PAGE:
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Bristol clifton suspension bridge
Bristol clifton suspension bridge
Original photo by Noa Blane Damelin

Thousands of Bristolians visit their zoo for the last time.

The opinions expressed in this article are the writer’s own and do not reflect the views of Her Campus.
This article is written by a student writer from the Her Campus at Bristol chapter.

Bristol zoo closed after 186 years!

The Bristol Zoo Gardens opened in 1836, which makes it the fifth oldest zoo in the world. It was founded by the Bristol, Clifton and West of England Zoological Society which was formed in 1935 by Henry Riley, alongside some other local shareholders. One of the most notable shareholders was Isambard Kingdom Brunel, known for creating the iconic Clifton suspension bridge and the SS Great Britain, which are also popular tourist attractions in Bristol today. As the zoo has been around for almost two centuries, we have the chance to see how the changes in societal values and the understanding of animal welfare have influenced the site and its practices over time. This includes the unnatural animal enclosures and elephant rides seen during the zoo’s early years are now almost unthinkable in a time when animal welfare and conservation are prioritised.

In many ways Bristol Zoo was a trailblazer; becoming the world’s first zoo to build a nocturnal house, the first UK zoo to breed Chimpanzees, Gorillas, and Sumatran Orangutans and the first Zoo to build an underwater tunnel in its aquarium. The zoo also became a significant player in global wildlife conservation, helping to save over 175 species from extinction through its breeding programmes and establishing over 30 field conservation and research projects. Bristol Zoo also became a key hub in the local community and tourism, welcoming multiple generations of Bristolian families and an estimated 90 million visitors over its lifetime.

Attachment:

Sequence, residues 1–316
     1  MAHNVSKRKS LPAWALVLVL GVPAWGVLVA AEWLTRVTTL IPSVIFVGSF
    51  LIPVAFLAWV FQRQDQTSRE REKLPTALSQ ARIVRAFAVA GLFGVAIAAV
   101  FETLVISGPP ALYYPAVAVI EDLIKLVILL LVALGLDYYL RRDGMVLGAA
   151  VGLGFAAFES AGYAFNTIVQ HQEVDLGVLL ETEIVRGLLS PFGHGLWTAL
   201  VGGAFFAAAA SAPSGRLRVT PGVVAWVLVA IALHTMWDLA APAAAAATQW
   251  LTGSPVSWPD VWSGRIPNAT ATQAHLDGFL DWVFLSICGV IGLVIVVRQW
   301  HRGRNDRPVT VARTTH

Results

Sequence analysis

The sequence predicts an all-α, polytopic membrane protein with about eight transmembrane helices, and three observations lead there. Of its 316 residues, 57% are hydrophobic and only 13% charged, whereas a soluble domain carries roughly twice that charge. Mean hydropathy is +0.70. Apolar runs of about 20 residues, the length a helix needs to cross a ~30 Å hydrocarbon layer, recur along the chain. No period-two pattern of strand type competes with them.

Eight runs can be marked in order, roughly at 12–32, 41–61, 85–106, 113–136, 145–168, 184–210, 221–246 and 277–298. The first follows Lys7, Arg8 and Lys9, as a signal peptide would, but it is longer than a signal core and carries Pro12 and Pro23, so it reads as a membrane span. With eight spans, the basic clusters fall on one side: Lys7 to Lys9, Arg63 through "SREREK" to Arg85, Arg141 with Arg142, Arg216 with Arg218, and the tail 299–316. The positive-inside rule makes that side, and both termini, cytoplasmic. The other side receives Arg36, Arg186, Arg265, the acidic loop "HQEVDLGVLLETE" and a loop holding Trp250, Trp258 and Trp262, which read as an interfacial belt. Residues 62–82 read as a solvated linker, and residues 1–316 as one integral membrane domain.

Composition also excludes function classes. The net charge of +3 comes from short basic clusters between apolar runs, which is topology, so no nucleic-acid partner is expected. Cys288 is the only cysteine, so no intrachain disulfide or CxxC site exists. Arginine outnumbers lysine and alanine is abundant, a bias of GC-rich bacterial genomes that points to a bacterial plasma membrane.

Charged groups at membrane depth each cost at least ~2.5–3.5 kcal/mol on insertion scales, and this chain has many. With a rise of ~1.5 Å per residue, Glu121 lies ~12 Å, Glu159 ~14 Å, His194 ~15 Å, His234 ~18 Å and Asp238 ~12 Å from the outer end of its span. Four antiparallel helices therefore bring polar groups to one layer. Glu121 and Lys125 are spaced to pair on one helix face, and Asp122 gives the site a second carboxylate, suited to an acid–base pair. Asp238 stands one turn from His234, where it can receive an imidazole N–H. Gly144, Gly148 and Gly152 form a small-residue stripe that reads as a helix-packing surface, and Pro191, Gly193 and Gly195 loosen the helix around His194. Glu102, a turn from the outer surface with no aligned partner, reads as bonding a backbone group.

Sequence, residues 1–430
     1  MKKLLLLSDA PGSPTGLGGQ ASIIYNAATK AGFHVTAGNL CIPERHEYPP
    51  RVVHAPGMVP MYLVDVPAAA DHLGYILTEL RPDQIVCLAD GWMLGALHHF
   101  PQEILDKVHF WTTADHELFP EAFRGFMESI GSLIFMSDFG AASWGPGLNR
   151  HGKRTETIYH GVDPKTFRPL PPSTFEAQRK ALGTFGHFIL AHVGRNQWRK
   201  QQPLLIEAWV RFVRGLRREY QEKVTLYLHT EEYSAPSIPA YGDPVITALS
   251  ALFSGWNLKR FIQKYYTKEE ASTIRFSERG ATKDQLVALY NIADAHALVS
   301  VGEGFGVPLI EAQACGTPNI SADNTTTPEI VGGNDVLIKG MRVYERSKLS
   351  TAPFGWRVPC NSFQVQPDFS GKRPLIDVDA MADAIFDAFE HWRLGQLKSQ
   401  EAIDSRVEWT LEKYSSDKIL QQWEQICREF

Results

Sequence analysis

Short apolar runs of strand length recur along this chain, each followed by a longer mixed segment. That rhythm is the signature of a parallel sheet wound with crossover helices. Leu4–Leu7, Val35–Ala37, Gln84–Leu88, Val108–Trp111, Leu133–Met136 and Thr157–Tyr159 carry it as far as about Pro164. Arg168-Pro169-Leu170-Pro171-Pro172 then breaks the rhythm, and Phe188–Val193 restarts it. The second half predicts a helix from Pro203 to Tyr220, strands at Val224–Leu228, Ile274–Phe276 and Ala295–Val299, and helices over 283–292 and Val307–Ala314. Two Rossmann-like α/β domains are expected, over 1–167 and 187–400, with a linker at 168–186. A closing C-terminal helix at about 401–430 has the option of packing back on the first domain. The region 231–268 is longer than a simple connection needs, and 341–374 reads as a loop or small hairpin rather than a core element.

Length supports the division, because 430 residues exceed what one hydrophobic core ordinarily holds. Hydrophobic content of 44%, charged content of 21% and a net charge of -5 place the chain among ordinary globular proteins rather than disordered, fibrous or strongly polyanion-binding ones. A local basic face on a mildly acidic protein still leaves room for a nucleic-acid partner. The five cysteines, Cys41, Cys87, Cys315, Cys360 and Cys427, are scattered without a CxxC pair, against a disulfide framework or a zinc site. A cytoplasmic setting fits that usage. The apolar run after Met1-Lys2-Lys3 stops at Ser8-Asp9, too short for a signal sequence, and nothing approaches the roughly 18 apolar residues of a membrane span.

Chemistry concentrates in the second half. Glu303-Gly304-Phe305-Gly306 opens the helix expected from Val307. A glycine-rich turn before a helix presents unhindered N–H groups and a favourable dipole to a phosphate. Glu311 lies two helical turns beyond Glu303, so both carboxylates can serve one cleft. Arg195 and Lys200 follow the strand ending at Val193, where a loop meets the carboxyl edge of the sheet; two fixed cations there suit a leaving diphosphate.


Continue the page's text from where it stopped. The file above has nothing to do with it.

Unfortunately, like many businesses, the COVID-19 national lockdowns significantly reduced the zoo’s income as very few people were able to visit the site. These financial difficulties, in combination with other issues such as rising energy costs and energy inefficient buildings, restricted parking, and the small size of the site itself; led to the zoo officially closing its doors on the 3rd of September 2022. The zoological society is moving around 70 species to a new safari-style park at its sister site; The Wild Place Project in south Gloucestershire which is due to open in 2024. Approximately 300 of the other Zoo animals will be re-homed by other zoos. This sister site was primarily used for animal breeding and quarantine until 2013 when the zoo opened a 55-hectare walking safari park. The wild place project will remain open during the development of this additional safari park until it officially becomes the new Bristol Zoo in 2024.

The original Clifton site is being redeveloped with aim of creating 200 new homes, a new café, and exhibition space. The zoo’s gardens will become freely available to the public for the first time since the zoo opened, allowing the public to enjoy the site after the animals leave. There is a focus on making this redevelopment project environmentally and socially sustainable, which includes building eco-friendly, low-carbon homes in areas with pre-existing structures.

The closure of the zoo and the plans for its redevelopment have divided opinions across Bristol. Some people praise the decision, arguing that moving to the wild place project is more sustainable, means the animals get larger enclosures and will generate additional money to support the running of the zoo. Whilst others are concerned that the new site will be less accessible to those without private cars and will increase motorway traffic as people travel on the M5. There are also some concerns that the loss of the Clifton zoo represents a loss of Bristol’s heritage.

Regardless of personal opinion, it’s clear that the closure of Bristol Zoo was a significant moment for the city as during its final month, for the zoo had to extend its opening hours to cope with over 80,000 visitors. Despite the zoo’s gardens remaining open for public enjoyment, the closure of the zoo and the loss of its animals will definitely mark the end of an era for many Bristolians.  

Hi! I'm Katherine and I'm studying Geography BSc at Bristol. I've lived in Bristol my whole life and I am passionate about sustainability and the environment.